The name sign outside the government Home Office building situated in Marsham Street, Westminster.
London. UK- 01.08.2023. The sign outside the government Home Office building situated in Marsham Street, Westminster. Credit: Yau Ming Low

The ‘Illegal Migration Bill’: implications and shortcomings for international development and humanitarian efforts

The so-called “Illegal Migration Bill” is currently making its way through parliament.

The proposals of this Bill contradict Britain’s responsibilities to people seeking safety and protection. If enacted, the legislation would deny sanctuary to people who are fleeing conflict and persecution and currently have no alternative safe way to claim asylum in the UK.

Although it’s a piece of domestic legislation, it matters to the development and humanitarian sectors too. On a moral level, it challenges our commitment to universality within the Sustainable Development Goals – the idea that our needs and rights are the same, regardless of geography – and it targets the people that we aim to serve as a sector. With the UK government diverting almost a third of its Official Development Assistance (ODA) budget towards refugee costs in the UK – spending three times as much at home as it did in Africa last year – further shortcomings in Britain’s domestic refugee response could also have immediate, practical implications for the UK aid budget.

Addressing the gaps: three key shortcomings of the Bill

First, let’s be clear about who this Bill targets. The majority of new arrivals are from countries where conflict, violence and persecution are rife: almost half of people arriving on small boats last year came from Afghanistan, Syria, Sudan, Eritrea and Iran. Two-thirds of people arriving are recognised as refugees, so a clear majority have a genuine need for protection. We as a sector know the challenges that these people face in their home countries and the reasons that they are forced to flee, and we have a responsibility to bring this to light for our politicians and the public.

Let’s also be clear about the numbers. Although the government has implied that up to 100 million displaced people would want to come to the UK, this is far from reality. In fact, over 60 million displaced people have not even left their own borders, and the vast majority of refugees worldwide (83%) are already hosted in low- and middle-income countries. We as a sector can bring this global perspective to light.

Secondly, all the evidence suggests that deterrence measures are not only inhumane, but don’t work. Figures show that a year after the Rwanda deal, the number of people crossing the Channel has not declined, undermining the government’s claims that a hostile asylum policy acts as a deterrent. The small number of those who come here have strong and specific reasons to seek safety in the UK, such as familial ties and proficiency in English. These factors suggest that they will continue to take risks, regardless of deterrence measures, to reach safety and rebuild their lives.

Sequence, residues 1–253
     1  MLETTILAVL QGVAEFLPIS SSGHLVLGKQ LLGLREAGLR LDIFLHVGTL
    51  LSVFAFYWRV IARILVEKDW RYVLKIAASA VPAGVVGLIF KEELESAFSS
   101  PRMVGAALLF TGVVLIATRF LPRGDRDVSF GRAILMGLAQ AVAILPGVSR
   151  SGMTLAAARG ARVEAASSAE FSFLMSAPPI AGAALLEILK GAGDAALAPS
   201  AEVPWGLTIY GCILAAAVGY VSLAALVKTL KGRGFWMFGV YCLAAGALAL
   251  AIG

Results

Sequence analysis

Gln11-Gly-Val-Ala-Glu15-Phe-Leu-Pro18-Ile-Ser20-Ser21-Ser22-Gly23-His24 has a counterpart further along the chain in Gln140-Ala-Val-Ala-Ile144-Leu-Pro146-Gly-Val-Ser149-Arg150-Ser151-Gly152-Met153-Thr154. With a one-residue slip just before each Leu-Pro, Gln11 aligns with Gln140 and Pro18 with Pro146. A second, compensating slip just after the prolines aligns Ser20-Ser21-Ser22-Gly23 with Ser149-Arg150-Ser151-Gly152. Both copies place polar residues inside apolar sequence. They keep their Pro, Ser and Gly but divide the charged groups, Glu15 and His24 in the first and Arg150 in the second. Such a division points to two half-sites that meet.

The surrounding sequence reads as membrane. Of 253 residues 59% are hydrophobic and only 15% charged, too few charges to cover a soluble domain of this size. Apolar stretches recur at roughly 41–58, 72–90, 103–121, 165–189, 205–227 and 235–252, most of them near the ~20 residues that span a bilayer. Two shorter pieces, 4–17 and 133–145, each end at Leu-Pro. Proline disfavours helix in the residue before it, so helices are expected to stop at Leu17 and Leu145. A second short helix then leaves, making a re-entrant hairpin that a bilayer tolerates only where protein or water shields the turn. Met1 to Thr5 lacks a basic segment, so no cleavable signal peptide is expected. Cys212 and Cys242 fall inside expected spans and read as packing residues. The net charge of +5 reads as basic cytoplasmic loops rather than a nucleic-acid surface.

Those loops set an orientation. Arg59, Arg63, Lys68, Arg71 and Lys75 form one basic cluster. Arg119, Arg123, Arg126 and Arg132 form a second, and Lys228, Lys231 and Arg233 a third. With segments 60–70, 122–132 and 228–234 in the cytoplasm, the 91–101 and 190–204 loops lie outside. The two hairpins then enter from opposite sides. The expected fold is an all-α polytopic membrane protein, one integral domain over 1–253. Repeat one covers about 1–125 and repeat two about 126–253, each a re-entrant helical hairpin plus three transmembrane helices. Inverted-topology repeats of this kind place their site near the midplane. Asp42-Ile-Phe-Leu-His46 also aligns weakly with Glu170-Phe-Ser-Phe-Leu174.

Thirdly, compassionate and effective alternatives do exist. The government says it has tried to address channel crossings ‘every other way’ and it has not worked. This is simply not true. There are many compassionate, fair and effective alternatives which we must advocate for.

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Recommendations for government action

1. Strengthen the asylum system

First and foremost, the UK government should strengthen the asylum system so we can respond to those seeking safety on our shores in a humane, effective and organised way. All claims must be heard fairly, decisions made quickly, and we must allow the people at the heart of the system to move on with their lives. An efficient and fair system that respects human rights can provide refugees and asylum seekers with a sense of dignity, safety and hope for the future.

2. Scale up safe routes

If we want fewer people to take dangerous journeys in search of safety in the UK, the best solution is to scale up safe routes. This can prevent refugees and asylum seekers from falling prey to trafficking or exploitation and eases the pressure on high refugee-hosting countries. Inclusive resettlement schemes, humanitarian visas, and family reunion schemes all offer regular, orderly routes to protection for the most vulnerable. Expanding commitments to resettlement places, for example, by welcoming an additional 10,000 refugees a year under the UK Resettlement Scheme, would be a pragmatic and attainable commitment that provides an invaluable lifeline for refugees experiencing extreme vulnerabilities.

3. Support displaced people in fragile and conflict-affected states

We can step up our support to people forced to flee their homes and help them rebuild their lives. This could mean diplomatic engagement to secure better protection for civilians in conflict, or reinvigorating global mechanisms to prevent famine in places where conflict and climate change intersect dangerously. Or it could mean ring-fencing at least half of the UK aid budget for fragile and conflict-affected countries, where humanitarian needs are greatest. Sudan is just one example of how conflict can so quickly upturn lives and force people to flee their homes.

Concrete, pragmatic and humane options exist. A more compassionate and just approach to the asylum system is possible. The sector can play a role in trying to bring those to fruition.